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Activists considering whether another ballot issue is needed for Ohio redistricting process

Turcer on Election Night 2015 - credit Kasler.JPG
Karen Kasler
/
Statehouse News Bureau
Catherine Turcer from Common Cause Ohio celebrates the passage of Issue 1, the amendment that would change the way Ohio's legislative districts are drawn, on election night, November 3, 2015. She'd been working on reforming redistricting for years.

In the ruling striking down Ohio's new legislative maps, Republican Chief Justice Maureen O'Connor wrote that Ohioans "have the power to again amend the Ohio Constitution".

The Ohio Supreme Court decision throwing out newly drawn maps for the Ohio House and Senate also included some advice for those concerned about how the maps were created.

This was the first time the maps had been drawn under a constitutional amendment approved by voters in 2015 to take partisanship out of the process.

The maps were approved in September by the seven-member Republican-dominated Ohio Redistricting Commission created by the amendment. Republican Chief Justice Maureen O’Connor agreed with the court’s three Democrats in tossing the maps, and wrote in her opinion: "I write separately because readers should understand they have the power to again amend the Ohio Constitution to ensure that partisan politics is
removed from the drawing of Ohio Senate and House districts that takes place every
ten years."

She added that that activists might consider going to the ballot again to change the process or even create an independent commission like in Arizona, California, Michigan and Colorado.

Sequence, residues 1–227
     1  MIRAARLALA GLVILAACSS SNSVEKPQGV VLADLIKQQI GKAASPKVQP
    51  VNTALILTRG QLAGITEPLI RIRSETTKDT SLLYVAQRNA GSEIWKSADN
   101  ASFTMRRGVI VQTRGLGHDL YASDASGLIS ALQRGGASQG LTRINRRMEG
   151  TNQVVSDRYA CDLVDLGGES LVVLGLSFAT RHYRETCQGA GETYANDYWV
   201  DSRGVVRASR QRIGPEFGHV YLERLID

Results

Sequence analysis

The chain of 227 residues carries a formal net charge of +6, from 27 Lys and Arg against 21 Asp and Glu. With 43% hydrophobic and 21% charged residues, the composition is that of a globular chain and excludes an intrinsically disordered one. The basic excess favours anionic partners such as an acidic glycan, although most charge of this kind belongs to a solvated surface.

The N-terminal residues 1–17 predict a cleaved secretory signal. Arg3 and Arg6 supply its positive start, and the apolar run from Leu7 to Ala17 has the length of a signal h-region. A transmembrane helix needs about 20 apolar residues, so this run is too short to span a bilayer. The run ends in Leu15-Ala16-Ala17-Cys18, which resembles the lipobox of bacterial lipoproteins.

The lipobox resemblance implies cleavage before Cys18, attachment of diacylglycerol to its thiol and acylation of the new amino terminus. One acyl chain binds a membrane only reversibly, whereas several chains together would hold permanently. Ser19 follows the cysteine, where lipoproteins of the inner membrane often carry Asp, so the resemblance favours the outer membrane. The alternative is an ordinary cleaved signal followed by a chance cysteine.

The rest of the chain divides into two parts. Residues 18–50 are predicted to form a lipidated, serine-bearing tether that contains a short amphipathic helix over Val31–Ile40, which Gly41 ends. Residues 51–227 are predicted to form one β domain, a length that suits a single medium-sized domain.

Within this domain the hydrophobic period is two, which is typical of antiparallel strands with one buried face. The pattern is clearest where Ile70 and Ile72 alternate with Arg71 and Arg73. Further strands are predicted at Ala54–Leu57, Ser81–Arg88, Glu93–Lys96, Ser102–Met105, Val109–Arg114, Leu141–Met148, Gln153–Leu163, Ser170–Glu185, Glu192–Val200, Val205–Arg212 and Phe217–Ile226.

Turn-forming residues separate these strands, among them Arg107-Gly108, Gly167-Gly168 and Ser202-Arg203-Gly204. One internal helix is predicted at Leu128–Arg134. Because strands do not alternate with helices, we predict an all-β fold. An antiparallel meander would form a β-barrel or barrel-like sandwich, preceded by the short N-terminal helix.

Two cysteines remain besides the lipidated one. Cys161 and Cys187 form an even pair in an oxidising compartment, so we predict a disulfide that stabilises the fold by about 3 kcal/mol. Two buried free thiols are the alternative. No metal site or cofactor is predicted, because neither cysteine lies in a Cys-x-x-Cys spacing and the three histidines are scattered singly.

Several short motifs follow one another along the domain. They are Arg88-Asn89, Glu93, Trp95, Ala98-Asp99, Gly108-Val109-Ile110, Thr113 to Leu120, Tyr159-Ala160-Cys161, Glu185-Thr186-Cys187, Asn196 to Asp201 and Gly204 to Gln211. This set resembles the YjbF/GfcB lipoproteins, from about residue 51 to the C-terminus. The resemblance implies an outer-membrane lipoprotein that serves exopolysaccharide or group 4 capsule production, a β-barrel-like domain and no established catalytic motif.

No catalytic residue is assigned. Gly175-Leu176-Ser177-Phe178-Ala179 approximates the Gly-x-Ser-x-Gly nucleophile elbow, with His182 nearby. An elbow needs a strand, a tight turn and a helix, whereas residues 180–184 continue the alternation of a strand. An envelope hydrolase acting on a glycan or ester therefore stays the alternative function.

Common Cause Ohio’s Catherine Turcer led the fight for the amendment in 2015, and said it’s worth thinking about but not rushing into.

“We should learn from other states a little take a little while, so nobody should be picking up their clipboards and getting all ready right away. This is something that we want to do really thoughtfully," Turcer said in an interview for "The State of Ohio".

But when it comes to independent redistricting commissions, Turcer said Ohio voters have turned that idea down twice: in 2005, as part of a package of changes known as Reform Ohio Now, and in 2012, in an effort backed by the group Voters First.

And Turcer said there are also some fixes that state lawmakers could do – for instance, requiring earlier hearings – though lawmakers did miss several constitutionally-set deadlines in this redistricting process.

But Turcer stressed she's approaching the idea cautiously.

“It's a little bit like giving somebody who's drunk on power the car keys again. We gave them a chance to prove they could drive a car with a good set of rules. They drove us over a cliff. And so now we need to take away the car keys and think about it differently,” Turcer said.

But she added: "I guess what I'm trying to say is I want to make sure that we're thoughtful about it, because it was incredibly challenging last year to feel like you've come so far and to keep the same metaphor and you haven't even left the parking lot."

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